Pandora was once the king of the music streaming space, but the company has started to lose its grip, and some users. So perhaps it was inevitable that it would eventually have to start changing up its model to keep up with increased competition.
The company already went ads-free with the launch of Pandora One in 2009, but now it's going a step further, and is close to signing deals with record labels to launch an on-demand service, according to a report from the Wall Street Journal.
The plan would cost $10 a month, and give users the ability to listen to whatever they want, whenever they want. Until now, Pandora has acted as a radio service, where users would pick a genre, or an artist, and Pandora would pick songs for them based on that theme.
The radio model served the company well at first, as Pandora became the largest music streaming service, as well as the only one to go public.
More recently, however, due to increased competition from on-demand services like Spotify and Apple Music, Pandora's fortune's started to turn. User numbers stagnated, while losses began to mount.
For 2015, Pandora's active listeners were 81.1 million at the end of the fourth quarter of 2015, compared to 81.5 million for the same period of the prior year, a loss of 400,000 users.
The problem with decreasing user numbers is easy to figure out; there is a lot of competition in the music streaming space these days, and there are only so many ears and only so many hours to listen. Apple Music, which only launched last year, has at least 15 million users, and Spotify has grown so rapidly that it has now outpaced Pandora, crossing 100 million users at the end of June.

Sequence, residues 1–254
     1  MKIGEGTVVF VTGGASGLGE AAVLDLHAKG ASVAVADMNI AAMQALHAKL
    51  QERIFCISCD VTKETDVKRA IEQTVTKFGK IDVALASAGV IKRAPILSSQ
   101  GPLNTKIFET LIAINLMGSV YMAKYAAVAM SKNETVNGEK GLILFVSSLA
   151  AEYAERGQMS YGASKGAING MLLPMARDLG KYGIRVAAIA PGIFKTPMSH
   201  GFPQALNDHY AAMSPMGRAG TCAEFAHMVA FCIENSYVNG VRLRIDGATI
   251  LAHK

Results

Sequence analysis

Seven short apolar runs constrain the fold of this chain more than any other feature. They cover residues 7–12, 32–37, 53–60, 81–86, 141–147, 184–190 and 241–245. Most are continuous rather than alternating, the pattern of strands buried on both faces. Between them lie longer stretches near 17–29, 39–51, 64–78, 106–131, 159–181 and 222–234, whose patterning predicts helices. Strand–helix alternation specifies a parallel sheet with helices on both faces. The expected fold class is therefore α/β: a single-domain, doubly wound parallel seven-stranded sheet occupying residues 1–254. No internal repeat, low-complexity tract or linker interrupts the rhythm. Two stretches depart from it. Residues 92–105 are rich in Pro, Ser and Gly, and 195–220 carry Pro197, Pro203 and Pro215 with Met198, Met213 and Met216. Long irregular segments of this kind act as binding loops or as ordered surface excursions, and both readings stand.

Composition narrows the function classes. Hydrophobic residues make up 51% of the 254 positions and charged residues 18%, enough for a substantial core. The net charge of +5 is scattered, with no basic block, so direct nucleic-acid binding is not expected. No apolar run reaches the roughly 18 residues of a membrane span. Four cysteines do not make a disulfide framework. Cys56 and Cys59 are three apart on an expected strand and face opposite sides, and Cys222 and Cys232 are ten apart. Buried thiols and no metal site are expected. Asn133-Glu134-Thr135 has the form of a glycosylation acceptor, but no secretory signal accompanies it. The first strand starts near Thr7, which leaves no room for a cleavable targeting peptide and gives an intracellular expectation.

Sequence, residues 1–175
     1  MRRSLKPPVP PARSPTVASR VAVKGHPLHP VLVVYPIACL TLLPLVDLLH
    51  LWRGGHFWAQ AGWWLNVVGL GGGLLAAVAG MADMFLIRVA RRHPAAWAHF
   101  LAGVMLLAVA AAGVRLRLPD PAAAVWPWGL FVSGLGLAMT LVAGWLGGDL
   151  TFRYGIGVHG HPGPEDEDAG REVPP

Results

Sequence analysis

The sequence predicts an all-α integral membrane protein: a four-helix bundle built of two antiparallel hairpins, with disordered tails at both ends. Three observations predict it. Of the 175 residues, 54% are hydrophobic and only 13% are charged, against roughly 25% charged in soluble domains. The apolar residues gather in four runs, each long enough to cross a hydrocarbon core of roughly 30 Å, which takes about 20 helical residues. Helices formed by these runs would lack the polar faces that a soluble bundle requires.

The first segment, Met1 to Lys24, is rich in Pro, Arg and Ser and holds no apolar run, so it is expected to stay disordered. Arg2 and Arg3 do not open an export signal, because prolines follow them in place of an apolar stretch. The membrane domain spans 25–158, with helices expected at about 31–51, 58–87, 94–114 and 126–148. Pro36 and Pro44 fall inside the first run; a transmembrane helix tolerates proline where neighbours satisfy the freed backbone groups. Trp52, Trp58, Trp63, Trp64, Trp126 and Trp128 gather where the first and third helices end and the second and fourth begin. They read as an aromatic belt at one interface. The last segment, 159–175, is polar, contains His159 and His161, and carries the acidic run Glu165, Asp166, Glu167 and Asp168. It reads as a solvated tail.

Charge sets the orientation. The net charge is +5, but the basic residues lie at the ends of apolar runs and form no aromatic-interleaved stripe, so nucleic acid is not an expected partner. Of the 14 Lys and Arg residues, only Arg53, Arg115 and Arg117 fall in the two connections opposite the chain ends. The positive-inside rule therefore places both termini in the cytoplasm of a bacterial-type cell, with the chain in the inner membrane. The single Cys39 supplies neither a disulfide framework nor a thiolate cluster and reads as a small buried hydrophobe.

While copying Spotify's business model might help Pandora fight to gain back some of those users, it won't help in another, more troubling department.
For the full year 2015 the company had $1.2 billion in revenue, up from $920.8 million in 2014. However it still managed a net loss of $170 million for the year, up from a net loss of $30 million the year prior. Despite taking in a very healthy amount of revenue, Pandora was seeing its losses increase.
The issue comes down to royalties. In September of last year, then-CEO Brian McAndrews revealed that Pandora had paid out a total of $1.5 billion in royalties, and $500 million through the first nine months of 2015 alone.
Launching an on-demand service meaning signing deals with major record companies, and that could add to the company's already high costs.
Altering its business model isn't the first move Pandora has made to save itself. Earlier this year it completely revamped a major portion of its executive team, including its CFO and COO, while also bringing back co-founder, and former CEO, Tim Westergren, to lead the company.
Right before that, reports came out that the company was shopping itself around, but once Westergren came on, he said, unequivocally that, no, the company isn't for sale. In fact, he hinted at the moves that Pandora is reportedly making in Pandora's Q216 Earnings Call in July.
"In Q2, we continued to execute on our plans while crossing several important milestones. We continue to have very productive negotiations with the three major labels, as well as with our partners in the independent label community," he said.
"Although these discussions are confidential, we believe they will result in our being able to deliver the product we want with the right business model, and that the investments we are making today will lead to win-win results as they are delivered, both for Pandora and the music industry as a whole."
This new on-demand service could be launched at early as next month, with initial roll out in the United States, then other English-speaking countries, before launching more broadly.
Investors are reacting positively to this news, as shares of Pandora have risen 3.48 percent to $13.38 a share.
A spokesperson Pandora would not comment on this report.
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